Everyone needs a place to live and EVERYONE needs to eat.
In good times and bad, we all need food. For centuries, agriculture has been synonymous with wealth and productivity.
(Maybe that’s why they call it “produce!”)
Agriculture relies on real estate. It also provides investors with an opportunity to create cash flow from cash crops.
So, we’re revisiting the opportunities in agriculture … even in the midst of a rapidly changing world.
In this episode of The Real Estate Guys™ show, hear from:
- Your high-growth host, Robert Helms
- His fruity co-host, Russell Gray
- Agricultural investing expert, David Smith
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Opportunities in agriculture
We love all kinds of real estate investing, and we’re spending a few weeks talking about what you might consider to be alternative investments.
Today, we’re talking about a real estate investment that can make a ton of sense if you’ll just open your mind … agricultural real estate.
Agriculture was THE original use of land. People have been investing in agriculture for thousands of years.
Agriculture produces something of high value … food and commodities for textiles!
The population is increasing. Everyone born needs calories … and yet the resources to produce calories across the globe are either diminishing or the costs are increasing.
So, today we see lots of opportunity in the agricultural space.
If you will, your tenants are trees … so things like tenant and landlord law go out the window.
And you don’t have to get the geographic market as exactly right as you do when you’re buying an apartment building.
Agriculture also offers an opportunity to diversify some of the risks that are present in other assets during changing times.
What does agriculture investing look like today?
David Smith is an agricultural investing expert. Why does he think people should consider agriculture?
“First and foremost is the diversification of your investment portfolio,” David says. “Also, agriculture in general creates generational wealth.”
Agriculture is a long-term investment in many cases. You’re looking at 10, 20, or even 25 years of producing … while most tenants typically stay a year or two.
When you think about agriculture, you may envision fields with corn or wheat or rice. But a lot of commercial produce grows better in a greenhouse.
“You just have to open your mind to see that agriculture doesn’t mean just rows out on a highway. There’s lots of different kinds of agriculture,” David says.
So, part of agriculture is picking the right market and product for you.
Let’s talk about markets. There are areas of the world that are just more prone to agriculture.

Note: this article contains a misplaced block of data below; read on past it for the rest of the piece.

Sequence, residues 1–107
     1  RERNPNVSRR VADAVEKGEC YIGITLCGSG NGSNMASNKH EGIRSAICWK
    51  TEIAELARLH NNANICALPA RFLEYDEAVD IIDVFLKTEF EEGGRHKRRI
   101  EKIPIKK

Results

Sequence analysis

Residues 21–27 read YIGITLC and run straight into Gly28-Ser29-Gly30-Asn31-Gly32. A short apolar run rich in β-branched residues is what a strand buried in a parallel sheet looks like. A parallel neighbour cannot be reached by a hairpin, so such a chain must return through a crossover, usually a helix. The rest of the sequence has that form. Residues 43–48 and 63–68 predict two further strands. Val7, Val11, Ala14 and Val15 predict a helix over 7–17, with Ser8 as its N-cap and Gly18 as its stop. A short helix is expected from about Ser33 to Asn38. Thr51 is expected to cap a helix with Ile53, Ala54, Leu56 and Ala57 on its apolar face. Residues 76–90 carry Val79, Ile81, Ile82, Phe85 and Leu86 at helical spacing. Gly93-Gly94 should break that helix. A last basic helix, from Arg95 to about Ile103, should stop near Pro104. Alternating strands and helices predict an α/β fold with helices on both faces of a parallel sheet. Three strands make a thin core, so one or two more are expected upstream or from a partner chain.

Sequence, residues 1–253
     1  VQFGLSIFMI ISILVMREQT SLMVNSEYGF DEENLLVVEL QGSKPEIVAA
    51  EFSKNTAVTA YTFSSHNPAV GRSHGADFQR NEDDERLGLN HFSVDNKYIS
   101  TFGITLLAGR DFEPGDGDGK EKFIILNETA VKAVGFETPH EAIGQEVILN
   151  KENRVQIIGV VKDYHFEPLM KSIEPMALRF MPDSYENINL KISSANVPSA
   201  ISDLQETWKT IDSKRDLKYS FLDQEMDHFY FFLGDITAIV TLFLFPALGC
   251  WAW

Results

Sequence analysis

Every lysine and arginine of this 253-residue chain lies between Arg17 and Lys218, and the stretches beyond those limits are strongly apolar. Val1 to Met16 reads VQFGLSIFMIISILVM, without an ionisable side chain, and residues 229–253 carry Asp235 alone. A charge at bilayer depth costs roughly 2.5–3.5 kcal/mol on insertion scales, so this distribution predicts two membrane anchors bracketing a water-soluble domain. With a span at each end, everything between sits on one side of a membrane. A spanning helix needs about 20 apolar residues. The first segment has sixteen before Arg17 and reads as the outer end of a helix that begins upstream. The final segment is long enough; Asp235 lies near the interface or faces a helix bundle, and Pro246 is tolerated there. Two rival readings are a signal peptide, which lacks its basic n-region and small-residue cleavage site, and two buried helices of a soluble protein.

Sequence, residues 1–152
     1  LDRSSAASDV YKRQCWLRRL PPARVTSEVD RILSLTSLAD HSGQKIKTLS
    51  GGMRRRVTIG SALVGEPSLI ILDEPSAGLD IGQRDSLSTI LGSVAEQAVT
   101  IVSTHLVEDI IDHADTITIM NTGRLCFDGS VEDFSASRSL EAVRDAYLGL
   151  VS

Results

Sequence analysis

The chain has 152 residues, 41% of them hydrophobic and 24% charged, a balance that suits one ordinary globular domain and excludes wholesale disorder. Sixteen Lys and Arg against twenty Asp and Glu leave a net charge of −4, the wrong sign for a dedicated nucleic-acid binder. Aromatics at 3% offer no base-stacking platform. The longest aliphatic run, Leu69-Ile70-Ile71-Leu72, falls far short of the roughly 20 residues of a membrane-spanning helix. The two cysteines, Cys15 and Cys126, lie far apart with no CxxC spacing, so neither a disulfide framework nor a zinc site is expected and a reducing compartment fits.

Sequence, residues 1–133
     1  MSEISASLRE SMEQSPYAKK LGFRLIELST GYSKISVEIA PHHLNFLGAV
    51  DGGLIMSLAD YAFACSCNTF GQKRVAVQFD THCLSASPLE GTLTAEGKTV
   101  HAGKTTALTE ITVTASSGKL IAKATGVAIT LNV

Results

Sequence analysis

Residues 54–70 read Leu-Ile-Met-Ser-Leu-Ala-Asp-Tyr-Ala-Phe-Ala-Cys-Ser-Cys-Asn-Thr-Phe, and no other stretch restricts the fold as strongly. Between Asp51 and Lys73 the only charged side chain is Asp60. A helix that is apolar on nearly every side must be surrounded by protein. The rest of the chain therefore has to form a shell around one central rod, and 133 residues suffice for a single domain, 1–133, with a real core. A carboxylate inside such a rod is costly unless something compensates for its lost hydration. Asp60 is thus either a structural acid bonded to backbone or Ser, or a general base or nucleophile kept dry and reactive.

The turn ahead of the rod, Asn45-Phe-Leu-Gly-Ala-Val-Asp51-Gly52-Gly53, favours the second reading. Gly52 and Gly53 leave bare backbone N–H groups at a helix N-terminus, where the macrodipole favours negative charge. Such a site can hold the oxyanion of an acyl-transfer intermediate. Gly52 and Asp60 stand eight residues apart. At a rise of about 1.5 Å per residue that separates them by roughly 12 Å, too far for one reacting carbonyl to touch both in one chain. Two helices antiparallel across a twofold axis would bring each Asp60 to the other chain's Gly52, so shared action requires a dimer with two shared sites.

“It’s just as important to pick the right product and the right country,” David says.
David’s team focuses, for example, on Paraguay. Paraguay exports produce all around the world. But David and his team work with the internal market within the country.
Paraguay has more freshwater than any country in the world by way of aquifers and rivers. It also has very small changes in climate.
There are about six weeks of winter that take place between August and September. Then, it goes right back to warm weather … making it conducive to growing year round.
The land in Paraguay is also very fertile. “You can grow anything,” David says.
In farmland, the composition of the soil is critical. You need to know the nutrients, the density, and what is going to grow well there. It can also help you determine the best tactics for pest control.
David’s team uses a unique strategy in Paraguay. Instead of exporting to other countries, they focus on selling in the local markets.
Paraguay currently imports large amounts of food. But by growing locally, David and his team can sell their produce locally for a lower price than the imported products and carve out a solid piece of the market for themselves.
Getting started in agriculture investing
So, how does investing with an organization like David’s work?
There are currently two investments … oranges and greenhouses. And there are two main components.
The first component is simply a real estate transaction.
“You have a purchase contract for buying land. Then, the land is dismembered from the main master plan of the plantation. A new title is created in your name or the legal entity that you prefer to use,” David says.
The second component is the farm service agreement … an agreement between the investor and the farming company to operate the plantation and care for your land and your crops, harvest the produce, and take it to market.
From that point on, it becomes a completely passive, hands-off investment.
“The only exception is in the case of greenhouses where after 10 years, an additional amount has to be paid for refurbishing and renovation,” David says.
The greenhouses aren’t the small backyard version you are familiar with … each is 6/10 of an acre!
In the greenhouses, David’s team is growing vegetables that are used in almost every meal in Paraguay … tomatoes, cucumbers, and peppers. These can grow year-round and offer year-round cashflow.
The oranges on the other hand are a once a year crop with a large once a year payout.
Essentially, these are a hard asset, passive turnkey investment.
To learn more about agriculture investing … listen to the full episode!
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